Exploring Yukushima Island

Japan is a land of much folklore, legend and mystery – after all, there is the saying that every myth holds a grain of truth. In combination with this comes the nation’s abundance of locations that fit such tales and fables perfectly, either through historical events having passed that place, or through a sheer atmospheric vibe.

Yakushima Island is one of the places in the Land of the Rising Sun that could have been taken right out of a fairy tale. It is located just south of Kyushu, Japan’s main island, and is truly a sight to behold and should definitely be on any visitor’s agenda to visit – the island is generally considered as one of the most rewarding sights to experience in all of Japan.

The island is home to the ancient Jomon Sugi tree and is thus designated as one of the UNESCO World Heritage Sites since the early 90s. In addition to the island’s lustrous forestry, one can partake in some truly scenic hiking spots around the more mountainous areas. Speaking of mountains, Yakushima’s mountain range is also home to the highly prolific yaku-sugi, a special type of tree. The trees have much history associated with them and tower very high into the sky, and are even said to have been a significant inspiration for the famous Japanese animated film, Princess Mononoke.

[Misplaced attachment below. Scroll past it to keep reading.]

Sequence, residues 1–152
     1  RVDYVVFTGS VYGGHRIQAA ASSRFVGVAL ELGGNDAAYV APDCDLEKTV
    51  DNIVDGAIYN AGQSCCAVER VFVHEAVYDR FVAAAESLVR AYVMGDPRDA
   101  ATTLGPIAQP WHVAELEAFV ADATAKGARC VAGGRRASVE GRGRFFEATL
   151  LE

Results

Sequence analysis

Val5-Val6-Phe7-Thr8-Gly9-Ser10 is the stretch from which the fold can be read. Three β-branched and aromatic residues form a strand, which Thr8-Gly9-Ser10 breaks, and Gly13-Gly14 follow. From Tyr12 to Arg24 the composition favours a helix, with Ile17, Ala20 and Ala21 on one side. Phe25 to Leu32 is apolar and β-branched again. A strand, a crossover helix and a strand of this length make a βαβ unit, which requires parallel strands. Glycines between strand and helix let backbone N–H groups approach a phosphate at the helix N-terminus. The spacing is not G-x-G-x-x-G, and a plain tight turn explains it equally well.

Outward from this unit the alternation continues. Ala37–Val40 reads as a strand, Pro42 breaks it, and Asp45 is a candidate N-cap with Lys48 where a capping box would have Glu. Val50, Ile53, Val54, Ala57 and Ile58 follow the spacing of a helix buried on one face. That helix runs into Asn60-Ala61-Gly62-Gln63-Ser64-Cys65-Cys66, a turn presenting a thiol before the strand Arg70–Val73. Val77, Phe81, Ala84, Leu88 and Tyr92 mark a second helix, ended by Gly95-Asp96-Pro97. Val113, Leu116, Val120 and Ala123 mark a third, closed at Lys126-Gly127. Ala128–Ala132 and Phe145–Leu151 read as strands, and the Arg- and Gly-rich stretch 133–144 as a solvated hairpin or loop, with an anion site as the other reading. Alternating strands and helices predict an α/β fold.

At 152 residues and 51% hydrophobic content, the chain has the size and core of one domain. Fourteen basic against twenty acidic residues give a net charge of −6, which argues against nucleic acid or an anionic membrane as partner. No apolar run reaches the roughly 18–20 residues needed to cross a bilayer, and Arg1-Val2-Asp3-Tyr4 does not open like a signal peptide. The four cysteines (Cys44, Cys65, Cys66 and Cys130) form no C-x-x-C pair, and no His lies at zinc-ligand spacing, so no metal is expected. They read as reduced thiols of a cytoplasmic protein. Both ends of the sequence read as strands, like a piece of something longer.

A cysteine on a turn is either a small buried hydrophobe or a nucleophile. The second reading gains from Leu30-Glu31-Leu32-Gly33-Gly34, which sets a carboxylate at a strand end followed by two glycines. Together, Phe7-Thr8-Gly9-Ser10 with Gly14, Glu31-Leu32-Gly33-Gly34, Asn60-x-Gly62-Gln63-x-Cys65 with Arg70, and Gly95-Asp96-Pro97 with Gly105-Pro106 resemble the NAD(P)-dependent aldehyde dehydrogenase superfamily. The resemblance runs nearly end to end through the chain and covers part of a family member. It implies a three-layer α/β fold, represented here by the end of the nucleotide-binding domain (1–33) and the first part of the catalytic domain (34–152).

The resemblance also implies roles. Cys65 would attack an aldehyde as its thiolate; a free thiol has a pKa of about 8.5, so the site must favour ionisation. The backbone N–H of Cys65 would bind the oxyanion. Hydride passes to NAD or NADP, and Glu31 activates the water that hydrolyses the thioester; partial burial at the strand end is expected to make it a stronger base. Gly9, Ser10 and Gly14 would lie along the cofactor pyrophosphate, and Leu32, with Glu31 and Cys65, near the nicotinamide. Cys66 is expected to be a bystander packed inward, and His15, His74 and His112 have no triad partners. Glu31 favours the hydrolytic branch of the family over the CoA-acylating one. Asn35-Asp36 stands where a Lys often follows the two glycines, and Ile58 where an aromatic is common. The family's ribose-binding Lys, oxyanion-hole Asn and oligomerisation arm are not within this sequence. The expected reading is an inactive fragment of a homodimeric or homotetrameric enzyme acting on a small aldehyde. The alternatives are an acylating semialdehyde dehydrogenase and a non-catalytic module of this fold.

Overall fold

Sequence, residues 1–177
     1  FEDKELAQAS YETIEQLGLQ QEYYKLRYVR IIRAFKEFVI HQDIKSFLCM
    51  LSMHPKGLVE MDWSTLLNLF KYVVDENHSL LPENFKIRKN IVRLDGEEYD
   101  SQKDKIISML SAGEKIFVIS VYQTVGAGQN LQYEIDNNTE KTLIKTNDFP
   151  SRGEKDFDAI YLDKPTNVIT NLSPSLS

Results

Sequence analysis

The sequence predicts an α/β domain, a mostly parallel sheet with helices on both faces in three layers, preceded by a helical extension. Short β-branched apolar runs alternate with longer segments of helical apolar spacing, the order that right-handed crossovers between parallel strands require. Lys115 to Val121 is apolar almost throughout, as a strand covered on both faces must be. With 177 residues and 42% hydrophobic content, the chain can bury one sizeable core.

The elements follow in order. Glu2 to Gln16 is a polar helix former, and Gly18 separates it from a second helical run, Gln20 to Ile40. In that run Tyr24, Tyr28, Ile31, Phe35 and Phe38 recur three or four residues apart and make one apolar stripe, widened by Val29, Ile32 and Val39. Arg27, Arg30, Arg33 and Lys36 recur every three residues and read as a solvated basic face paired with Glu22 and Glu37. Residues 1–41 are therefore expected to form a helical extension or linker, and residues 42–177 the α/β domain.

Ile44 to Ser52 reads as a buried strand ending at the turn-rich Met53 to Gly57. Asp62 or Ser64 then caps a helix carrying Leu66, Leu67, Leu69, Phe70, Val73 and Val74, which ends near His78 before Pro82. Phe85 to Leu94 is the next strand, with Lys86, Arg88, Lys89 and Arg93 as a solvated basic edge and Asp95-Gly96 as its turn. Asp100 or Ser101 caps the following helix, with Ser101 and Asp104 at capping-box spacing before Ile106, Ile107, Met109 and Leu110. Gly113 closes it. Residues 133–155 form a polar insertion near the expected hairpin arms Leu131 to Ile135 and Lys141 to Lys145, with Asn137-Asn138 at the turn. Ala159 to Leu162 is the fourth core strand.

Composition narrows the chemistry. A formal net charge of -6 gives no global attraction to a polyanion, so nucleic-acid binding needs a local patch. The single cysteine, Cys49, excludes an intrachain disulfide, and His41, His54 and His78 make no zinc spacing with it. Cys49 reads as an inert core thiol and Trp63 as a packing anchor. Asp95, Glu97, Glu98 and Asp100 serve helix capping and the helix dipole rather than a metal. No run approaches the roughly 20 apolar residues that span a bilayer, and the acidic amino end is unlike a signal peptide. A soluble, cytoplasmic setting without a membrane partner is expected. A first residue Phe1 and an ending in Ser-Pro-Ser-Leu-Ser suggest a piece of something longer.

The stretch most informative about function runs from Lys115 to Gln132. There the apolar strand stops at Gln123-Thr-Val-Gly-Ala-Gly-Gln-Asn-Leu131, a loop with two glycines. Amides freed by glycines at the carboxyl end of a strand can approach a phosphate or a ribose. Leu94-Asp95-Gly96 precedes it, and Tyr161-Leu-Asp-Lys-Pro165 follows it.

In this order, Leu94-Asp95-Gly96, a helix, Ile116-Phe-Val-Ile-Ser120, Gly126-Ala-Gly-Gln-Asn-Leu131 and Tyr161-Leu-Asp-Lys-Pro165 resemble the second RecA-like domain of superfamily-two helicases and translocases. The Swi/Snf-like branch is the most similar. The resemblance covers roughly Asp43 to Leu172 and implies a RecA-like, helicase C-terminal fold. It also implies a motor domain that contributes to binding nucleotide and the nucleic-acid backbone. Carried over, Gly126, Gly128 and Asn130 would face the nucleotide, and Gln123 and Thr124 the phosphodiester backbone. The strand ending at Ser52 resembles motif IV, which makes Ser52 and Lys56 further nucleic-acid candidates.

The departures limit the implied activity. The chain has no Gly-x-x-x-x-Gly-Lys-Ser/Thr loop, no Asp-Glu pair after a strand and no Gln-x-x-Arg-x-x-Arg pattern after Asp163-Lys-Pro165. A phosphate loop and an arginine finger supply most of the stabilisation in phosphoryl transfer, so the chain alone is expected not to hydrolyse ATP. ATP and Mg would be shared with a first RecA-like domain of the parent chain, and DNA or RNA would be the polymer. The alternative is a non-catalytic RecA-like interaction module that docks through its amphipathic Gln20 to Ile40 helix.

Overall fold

After a busy day of exploring the island and revelling in the atmosphere of the dense forest, visitors can go relax in the nearby sandy beaches or local hot springs, both easily found – not all that surprising given the island’s relatively small size, measuring in at only just under 550 square kilometers. An interesting fact to note is that the island is one of extreme internal contrast. The rocky mountains are the cause of some rather dry weather, whereas the innermost parts of the island is considered one of the wettest places throughout all of Japan, hence it is recommended for anyone visiting to pack appropriately. The mountains are often covered in snow during the winter months, while the other side of the island, the coast, will be pleasantly warm. Contrasting, indeed.

Given the island’s small size, it should also be noted that there is little public transport and getting lost could be disastrous as finding civilization could prove to be a challenge. Hiking is only recommended in a sizable group or with a guide, while equipped with appropriate gear and an updated map.

First image by tripideas.org

Second image by japan-guide.com

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